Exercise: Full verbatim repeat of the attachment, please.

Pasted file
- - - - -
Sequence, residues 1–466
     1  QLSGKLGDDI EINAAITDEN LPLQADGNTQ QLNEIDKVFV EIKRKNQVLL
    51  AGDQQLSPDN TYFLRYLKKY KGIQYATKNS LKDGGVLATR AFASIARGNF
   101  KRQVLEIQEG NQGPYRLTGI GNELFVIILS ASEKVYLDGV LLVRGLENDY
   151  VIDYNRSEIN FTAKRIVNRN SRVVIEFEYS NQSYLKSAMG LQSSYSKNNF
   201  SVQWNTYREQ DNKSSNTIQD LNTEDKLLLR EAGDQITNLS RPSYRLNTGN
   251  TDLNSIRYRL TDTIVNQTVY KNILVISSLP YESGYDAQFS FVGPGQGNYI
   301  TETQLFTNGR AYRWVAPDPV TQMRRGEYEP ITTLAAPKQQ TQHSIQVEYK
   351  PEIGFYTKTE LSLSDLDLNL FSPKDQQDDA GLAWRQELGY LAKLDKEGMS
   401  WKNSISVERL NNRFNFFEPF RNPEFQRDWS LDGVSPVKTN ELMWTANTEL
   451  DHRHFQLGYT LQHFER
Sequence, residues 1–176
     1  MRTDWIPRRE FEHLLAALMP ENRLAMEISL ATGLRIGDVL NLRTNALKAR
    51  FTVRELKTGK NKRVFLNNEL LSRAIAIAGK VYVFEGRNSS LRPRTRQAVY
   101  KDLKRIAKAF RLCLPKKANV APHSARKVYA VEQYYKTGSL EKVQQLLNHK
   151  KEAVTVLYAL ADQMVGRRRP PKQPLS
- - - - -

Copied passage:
Sequence, residues 1–466
     1  QLSGKLGDDI EINAAITDEN LPLQADGNTQ QLNEIDKVFV EIKRKNQVLL
    51  AGDQQLSPDN TYFLRYLKKY KGIQYATKNS LKDGGVLATR AFASIARGNF
   101  KRQVLEIQEG NQGPYRLTGI GNELFVIILS ASEKVYLDGV LLVRGLENDY
   151  VIDYNRSEIN FTAKRIVNRN SRVVIEFEYS NQSYLKSAMG LQSSYSKNNF
   201  SVQWNTYREQ DNKSSNTIQD LNTEDKLLLR EAGDQITNLS RPSYRLNTGN
   251  TDLNSIRYRL TDTIVNQTVY KNILVISSLP YESGYDAQFS FVGPGQGNYI
   301  TETQLFTNGR AYRWVAPDPV TQMRRGEYEP ITTLAAPKQQ TQHSIQVEYK
   351  PEIGFYTKTE LSLSDLDLNL FSPKDQQDDA GLAWRQELGY LAKLDKEGMS
   401  WKNSISVERL NNRFNFFEPF RNPEFQRDWS LDGVSPVKTN ELMWTANTEL
   451  DHRHFQLGYT LQHFER
Sequence, residues 1–176
     1  MRTDWIPRRE FEHLLAALMP ENRLAMEISL ATGLRIGDVL NLRTNALKAR
    51  FTVRELKTGK NKRVFLNNEL LSRAIAIAGK VYVFEGRNSS LRPRTRQAVY
   101  KDLKRIAKAF RLCLPKKANV APHSARKVYA VEQYYKTGSL EKVQQLLNHK
   151  KEAVTVLYAL ADQMVGRRRP PKQPLS